I will check into the early retirement extreme though. Thank you for the advice!
 
pollinator
Posts: 2615
Location: Massachusetts, Zone:6/7, AHS:4, Rainfall:48in even Soil:SandyLoam pH6 Flat
193
forest garden solar
  • Mark post as helpful
  • send pies
  • Quote
  • Report post to moderator
Having a healthy emergency fund is vital. If you guys currently make $70k per year a $35k rainy day fund aka 6months is good. It doesn't have to be cash it can be in securities that are easy to sell, and hopefully making as much interest as you debt so that overall it is the same as if you had paid off your debt. And once you get down to that last $35k worth of debt, you can pour all of it into the debt payment.

Do know that once you finally leave your utility job, after the honeymoon phase things will just be usual, for the most part not magical.

With 1 acres of land, to plant vegetables on, you will find that you have too much land and produce for you to handle by yourself. Esp the selling, delivery, packaging and harvesting. It makes growing it feel like the easy part.  Just the production part of getting the soil ready and buying seeds is relatively cheap and you will be able it get it done without debt. I would also recommend that you don't sell your produce at a lost, because it will be hard to change the price later. But to sell half at full price and give away the rest in my opinion. Having the farm at home means you can get more done too, it will not be this whole thing of taking a shower get ready, pack your stuff, drive a couple miles, leave early in time to get xyz. if you are already at home alot more can be done.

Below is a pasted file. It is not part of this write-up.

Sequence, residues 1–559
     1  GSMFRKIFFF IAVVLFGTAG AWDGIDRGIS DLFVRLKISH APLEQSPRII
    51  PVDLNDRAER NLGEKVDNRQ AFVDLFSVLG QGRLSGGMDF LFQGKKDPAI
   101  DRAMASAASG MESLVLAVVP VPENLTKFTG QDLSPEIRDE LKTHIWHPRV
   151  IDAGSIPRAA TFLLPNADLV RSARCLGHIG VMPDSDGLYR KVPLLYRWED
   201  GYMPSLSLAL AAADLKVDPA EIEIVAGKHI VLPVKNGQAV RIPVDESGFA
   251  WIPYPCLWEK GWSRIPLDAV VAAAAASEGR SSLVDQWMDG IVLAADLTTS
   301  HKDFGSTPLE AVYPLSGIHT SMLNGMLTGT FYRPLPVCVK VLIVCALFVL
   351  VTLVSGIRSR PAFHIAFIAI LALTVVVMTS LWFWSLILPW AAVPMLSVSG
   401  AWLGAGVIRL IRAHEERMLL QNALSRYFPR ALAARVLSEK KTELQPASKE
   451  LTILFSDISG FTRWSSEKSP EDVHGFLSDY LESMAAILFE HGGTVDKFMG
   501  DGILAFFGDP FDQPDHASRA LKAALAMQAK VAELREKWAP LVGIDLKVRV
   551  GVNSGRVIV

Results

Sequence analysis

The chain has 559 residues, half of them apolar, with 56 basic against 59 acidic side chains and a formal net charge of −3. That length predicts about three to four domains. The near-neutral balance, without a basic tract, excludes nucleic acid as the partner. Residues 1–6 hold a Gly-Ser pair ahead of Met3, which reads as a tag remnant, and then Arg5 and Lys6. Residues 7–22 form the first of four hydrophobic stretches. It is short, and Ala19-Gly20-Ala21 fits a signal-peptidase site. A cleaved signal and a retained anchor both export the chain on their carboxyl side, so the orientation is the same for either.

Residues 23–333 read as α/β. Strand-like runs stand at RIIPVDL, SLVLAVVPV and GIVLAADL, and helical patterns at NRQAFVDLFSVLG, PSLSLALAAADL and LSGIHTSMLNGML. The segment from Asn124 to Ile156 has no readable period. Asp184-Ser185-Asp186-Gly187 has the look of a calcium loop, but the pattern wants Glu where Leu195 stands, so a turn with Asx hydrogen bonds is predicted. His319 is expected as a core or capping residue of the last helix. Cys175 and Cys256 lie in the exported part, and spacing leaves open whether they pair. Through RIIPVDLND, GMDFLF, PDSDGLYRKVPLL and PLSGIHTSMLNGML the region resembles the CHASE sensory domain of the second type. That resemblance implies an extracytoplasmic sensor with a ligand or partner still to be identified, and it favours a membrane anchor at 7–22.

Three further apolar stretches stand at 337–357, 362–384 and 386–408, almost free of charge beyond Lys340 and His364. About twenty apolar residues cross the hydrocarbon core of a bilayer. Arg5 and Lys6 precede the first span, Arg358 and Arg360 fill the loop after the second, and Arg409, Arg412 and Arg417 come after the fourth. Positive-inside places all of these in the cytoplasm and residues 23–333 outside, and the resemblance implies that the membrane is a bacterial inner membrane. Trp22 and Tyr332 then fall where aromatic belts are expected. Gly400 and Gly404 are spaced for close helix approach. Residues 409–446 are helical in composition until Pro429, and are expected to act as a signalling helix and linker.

Also do recognize that talking about leaving your job to become a musician/farmer is going to make your uncle/wife/mom say, "I hope you build up a nice emergency fund so that we feel better esp with babies on the way/here". So start you biz now as a side hustle after 3-5yrs if you are still in the biz layoff an employee and work full time.

 
I got this tall by not having enough crisco in my diet as a kid. This ad looks like it had plenty of shortening:
2020 Permaculture Design Course for Scientists and Engineers, June 14-27
https://permies.com/wiki/permaculture-design-course-2020
  • Post Reply Bookmark Topic Watch Topic
  • New Topic
Boost this thread!